…at sunrise I offer my prayer and wait for your answer I’m an early riser, so I do offer my prayers to God at sunrise but must admit I don’t always wait for his answer…especially when I’m running late. Other times, his answer is hard to accept—especially when God speaks to my heart saying, “Don’t always look for answers; just be still with Me.”

 

You are not a God who is pleased with wrongdoing; you allow no evil in your presence. You cannot stand the sight of the proud…you destroy all liars…But because of your great love I can come into your house…Although God is not pleased with wrongdoing, and allows no evil in his presence, we can come into God’s presence, not because we are perfect, but “because of his great love.” When we bring ourselves to God, we don’t have to cover up our flaws or put on a false front of perfection. After all, God can’t stand the sight of the proud. When we’re honest with him about our failings, we are not being proud. We are humbly aware of who we are and that our relationship with God depends on his love and goodness, not our own merit. When we tell the truth—even about our shortcomings—we are close to God, who is Truth. Maybe that, in part, is how he destroys our lies, by making it safe for us to be honest with him and with ourselves.

 

Lord, I have so many enemies…what they say can never be trusted…their words are flattering and smooth, but full of deadly deceit. Many of my enemies are within me: my impatience, my self-will, my tendency to want to cover up my weaknesses. Sometimes they gang up on me and make it difficult to discern what God is calling me to do, let alone actually do it…but what these enemies tell me can’t be trusted. Smooth, ego-feeding propositions make it sound like I’ll be happy if I listen to them. I’ll get my way, on my time table, and look impressive. It’s not true. My impatience doesn’t get me where I need to be any sooner; it often slows me down. Trying to force my agenda puts me in conflict with others, and destroys my serenity. If things do happen to go my way, it means, coincidentally, that’s the way God wanted them to go at that point in time. Otherwise, my contentment will be short-lived because my goals are often short-sighted.

 

Lead me to do your will; make your way plain for me to follow. I need God to make his way plain for me and enable me to actually follow it—and he does, when I am open to it. I put a saying on my refrigerator where I’m reminded to ask, on a daily basis, “God, what does success look like to you in this situation?” Sometimes God’s idea of success is keeping my mouth shut when I’d like to have the last word instead of getting my way.

 

But all who find safety in you will rejoice…When I am able, by God’s grace, to surrender to his will instead of my own, I do find security, safety, and joy. God is in control, even when it doesn’t look that way. When my goal is for his will to be done, I can trust that that will happen. There is safety in trusting that and joy in the reassurance it brings…when I have the eyes to see it.

 

How about you?

  • Have you prayed without using words? What was that like?
  • What prayer time works best for you? Morning? Bedtime? Throughout the day? Does this time allow you to tell God all that you need to and give you time to listen for his answer?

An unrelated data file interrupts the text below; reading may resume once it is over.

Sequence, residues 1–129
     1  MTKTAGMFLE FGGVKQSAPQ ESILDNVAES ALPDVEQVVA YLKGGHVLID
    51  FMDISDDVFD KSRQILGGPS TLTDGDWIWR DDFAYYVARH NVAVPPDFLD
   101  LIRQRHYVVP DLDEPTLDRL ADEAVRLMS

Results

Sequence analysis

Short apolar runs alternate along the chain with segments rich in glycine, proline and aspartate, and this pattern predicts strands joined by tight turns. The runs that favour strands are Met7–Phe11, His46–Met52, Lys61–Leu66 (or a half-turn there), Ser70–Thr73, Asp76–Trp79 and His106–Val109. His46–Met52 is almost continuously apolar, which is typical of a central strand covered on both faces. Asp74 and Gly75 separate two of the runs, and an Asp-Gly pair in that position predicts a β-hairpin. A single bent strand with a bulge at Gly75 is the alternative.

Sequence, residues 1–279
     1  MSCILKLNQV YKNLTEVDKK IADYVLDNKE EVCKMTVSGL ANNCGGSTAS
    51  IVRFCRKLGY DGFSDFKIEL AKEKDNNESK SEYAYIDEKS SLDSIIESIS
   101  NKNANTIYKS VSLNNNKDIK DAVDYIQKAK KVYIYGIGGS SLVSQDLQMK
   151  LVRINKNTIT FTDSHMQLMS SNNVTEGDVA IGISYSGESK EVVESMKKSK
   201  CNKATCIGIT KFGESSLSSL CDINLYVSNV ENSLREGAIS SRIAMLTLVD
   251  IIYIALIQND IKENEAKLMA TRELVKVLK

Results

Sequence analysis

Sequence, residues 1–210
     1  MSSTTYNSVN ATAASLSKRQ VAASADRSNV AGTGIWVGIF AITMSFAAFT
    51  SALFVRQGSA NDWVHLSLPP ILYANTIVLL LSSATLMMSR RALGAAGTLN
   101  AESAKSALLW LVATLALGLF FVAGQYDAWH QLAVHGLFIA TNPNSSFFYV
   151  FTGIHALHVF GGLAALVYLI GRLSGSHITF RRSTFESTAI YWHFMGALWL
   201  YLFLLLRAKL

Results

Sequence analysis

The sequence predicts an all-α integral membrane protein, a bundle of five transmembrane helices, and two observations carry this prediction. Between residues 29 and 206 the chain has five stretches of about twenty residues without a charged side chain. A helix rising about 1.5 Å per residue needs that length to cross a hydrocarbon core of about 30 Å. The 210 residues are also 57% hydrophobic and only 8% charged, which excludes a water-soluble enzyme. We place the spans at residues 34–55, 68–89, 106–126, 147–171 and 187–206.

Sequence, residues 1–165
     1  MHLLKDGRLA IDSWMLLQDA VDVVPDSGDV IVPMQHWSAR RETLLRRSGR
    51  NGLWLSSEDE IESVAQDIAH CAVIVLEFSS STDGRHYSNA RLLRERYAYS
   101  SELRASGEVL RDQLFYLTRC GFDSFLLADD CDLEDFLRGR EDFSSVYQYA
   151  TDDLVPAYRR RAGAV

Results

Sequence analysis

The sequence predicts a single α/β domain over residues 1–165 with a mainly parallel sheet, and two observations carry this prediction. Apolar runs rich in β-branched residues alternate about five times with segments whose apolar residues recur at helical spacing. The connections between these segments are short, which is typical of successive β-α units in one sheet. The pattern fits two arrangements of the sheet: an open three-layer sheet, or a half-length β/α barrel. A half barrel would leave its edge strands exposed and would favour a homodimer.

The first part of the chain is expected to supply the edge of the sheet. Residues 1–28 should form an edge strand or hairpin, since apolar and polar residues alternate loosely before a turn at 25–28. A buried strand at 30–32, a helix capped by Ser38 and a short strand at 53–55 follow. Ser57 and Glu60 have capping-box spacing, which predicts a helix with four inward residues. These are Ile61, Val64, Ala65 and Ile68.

• How does being honest with God about what’s really going on inside of you help to melt your pride and overcome the lies—even the little white ones—you tell yourself about motives, feelings, and the like?
  • What is it like to enter God’s presence knowing you are loved, warts and all?
  • What enemies are you facing today? Are you able to see how God is guiding you in facing these enemies today? Can you trust God enough to follow his directions?
  • What lies are your enemies telling you? How does flattery make it easy to be misled?
  • How has God provided you with shelter/safety? What joy can you find in that? Where else can you find joy today?

 

I invite you to read through the entire Psalm, and reflect on whatever phrases speak to your heart today.

Follow Our Blog

Enter your email address to subscribe to this blog and receive notifications of new posts by email.

New Release!

Your Faith Has Made You Well: Jesus Heals in the New Testament explores what happened when Jesus healed, what it might have been like for the people involved, and what it means for us today.

Fools, Liars, Cheaters, and Other Bible Heroes” takes a down to earth look at the diverse assortment of biblical characters called by God.

Meditations

But Jesus answered “The scripture says, ‘Human beings cannot live on bread alone, but need every word that God speaks.’” (Matthew 4:4)

 

All Bible quotes are from the Good News Translation unless otherwise noted.

 

It is reassuring that Jesus called fishermen and tax collectors to be his followers. These were laymen, not Scripture experts. It is wise to seek guidance from religious scholars and clergy who have studied Scripture to avoid errors in interpretation. But the Bible is also a gift given to each of us, to use as a basis for prayer and meditation.

 

I’m not a Biblical scholar; I’m an expert only on my own experience. Following the Scripture passage is a brief meditation along with a question or two as a springboard for your own reflections. Please feel free to share your own thoughts or insights on the passage by adding a comment. All comments are moderated, so please allow some time for your comment to be posted.

Recent Posts

Recent Comments

Blog Archives

Tags